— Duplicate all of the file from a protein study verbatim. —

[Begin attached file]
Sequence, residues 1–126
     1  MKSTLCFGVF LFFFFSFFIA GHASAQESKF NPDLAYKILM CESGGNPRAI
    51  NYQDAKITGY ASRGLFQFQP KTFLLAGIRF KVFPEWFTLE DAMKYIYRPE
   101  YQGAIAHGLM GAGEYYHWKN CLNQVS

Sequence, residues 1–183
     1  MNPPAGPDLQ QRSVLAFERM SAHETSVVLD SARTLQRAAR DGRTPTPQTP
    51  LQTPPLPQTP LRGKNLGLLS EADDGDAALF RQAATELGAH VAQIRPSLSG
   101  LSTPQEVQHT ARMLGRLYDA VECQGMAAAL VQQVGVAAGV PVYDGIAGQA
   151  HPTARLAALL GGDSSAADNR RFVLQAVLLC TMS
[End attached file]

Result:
Sequence, residues 1–126
     1  MKSTLCFGVF LFFFFSFFIA GHASAQESKF NPDLAYKILM CESGGNPRAI
    51  NYQDAKITGY ASRGLFQFQP KTFLLAGIRF KVFPEWFTLE DAMKYIYRPE
   101  YQGAIAHGLM GAGEYYHWKN CLNQVS

Sequence, residues 1–183
     1  MNPPAGPDLQ QRSVLAFERM SAHETSVVLD SARTLQRAAR DGRTPTPQTP
    51  LQTPPLPQTP LRGKNLGLLS EADDGDAALF RQAATELGAH VAQIRPSLSG
   101  LSTPQEVQHT ARMLGRLYDA VECQGMAAAL VQQVGVAAGV PVYDGIAGQA
   151  HPTARLAALL GGDSSAADNR RFVLQAVLLC TMS